In the field of entertainment law, lawyers can provide career-saving assistance to actors, writers, and performers. They have the skills to identify secretive, misleading clauses in contracts, prevent defamation from tarnishing the good names of slandered artists, and tackle the nebulous topic of intellectual property to protect their clients’ work. Perhaps a better word for these people is “superhero.”
Entertainment lawyers take on heavy loads for artists’ legal rights, and they also face personal tests when forced to make difficult choices around ethics.
If you’re considering going into entertainment law or if you want information before seeking legal help for yourself, it’s worth knowing a bit about ethical challenges that come up in entertainment law.
Representing Friends and Their Foes
Unlike lawyers in most other fields, entertainment lawyers often practice law while also fulfilling other roles in the entertainment industry — for example, a lawyer representing a band in a contract negotiation might also be that band’s manager.
That’s not automatically a problem, but it can become one if a lawyer’s responsibilities lead to a conflict of interest.
Say an entertainment lawyer represents a musical artist and also that musical artist’s record label: when negotiating a contract between the two, how can the lawyer reach the most advantageous terms for the artist and the label?
You might think it makes sense for entertainment lawyers to steer clear of situations like that (if so, you’re not wrong). However, clients sometimes want to use conflicts of interest to gain connections and intel. In those cases, they may happily sign waivers of conflict, bringing all parties into a messy legal dealing.
Separating the Art from the Artist
Famous people in every field sometimes come up against nasty rumors and bad publicity. Some successful artists recover from scandals, but others can end up unpopular or outright hated. Can entertainment lawyers defend such people with pride and dignity?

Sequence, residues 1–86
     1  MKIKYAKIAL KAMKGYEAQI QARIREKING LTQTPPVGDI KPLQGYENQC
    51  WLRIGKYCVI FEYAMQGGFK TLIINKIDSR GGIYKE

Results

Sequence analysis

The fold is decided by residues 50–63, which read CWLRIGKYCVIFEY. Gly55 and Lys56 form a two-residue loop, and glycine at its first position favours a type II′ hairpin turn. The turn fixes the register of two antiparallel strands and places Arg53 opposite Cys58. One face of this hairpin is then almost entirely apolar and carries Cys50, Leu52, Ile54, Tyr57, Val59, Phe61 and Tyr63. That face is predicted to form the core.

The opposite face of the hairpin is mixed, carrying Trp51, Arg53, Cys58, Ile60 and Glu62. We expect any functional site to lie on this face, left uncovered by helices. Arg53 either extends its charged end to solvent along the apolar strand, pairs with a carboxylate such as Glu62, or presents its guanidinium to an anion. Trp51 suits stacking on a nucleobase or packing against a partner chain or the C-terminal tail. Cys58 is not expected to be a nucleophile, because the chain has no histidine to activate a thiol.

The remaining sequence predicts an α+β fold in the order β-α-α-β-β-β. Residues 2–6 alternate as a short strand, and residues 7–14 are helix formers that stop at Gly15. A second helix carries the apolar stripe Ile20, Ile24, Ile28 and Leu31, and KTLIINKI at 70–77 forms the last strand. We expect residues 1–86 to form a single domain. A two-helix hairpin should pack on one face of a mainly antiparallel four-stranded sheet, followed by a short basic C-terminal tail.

In this interview, renowned lawyer John Branca responds to the question of representing clients facing major bad publicity: “If you believe in the artist, you still want to help them.”
Branca also advocates for separating the art from the artist when it comes to clients. If entertainment lawyers know whether they’re representing art they love or an artist they believe in, they’ll be better able to determine who or what they can defend.
Additionally, the overarching legal system entitles everyone — not just people who seem reputable or innocent — to legal defense. When entertainment lawyers represent their clients, they’re not defending crime or agreeing with acts of cruelty; instead, they’re providing clients with counsel and guidance that they’re entitled to.
Entertainment law is as complex as many other legal realms, and it’s made more intense by the personal connections and heightened emotions that are often present in arts and entertainment.
Legal and ethical issues in entertainment are also changing with the growth of the internet and social media, which provide enormous new platforms for people to rise to fame and potentially get into trouble. Whether they’re facing age-old dilemmas or brand new ones, it’s clear that people need entertainment lawyers as much as ever.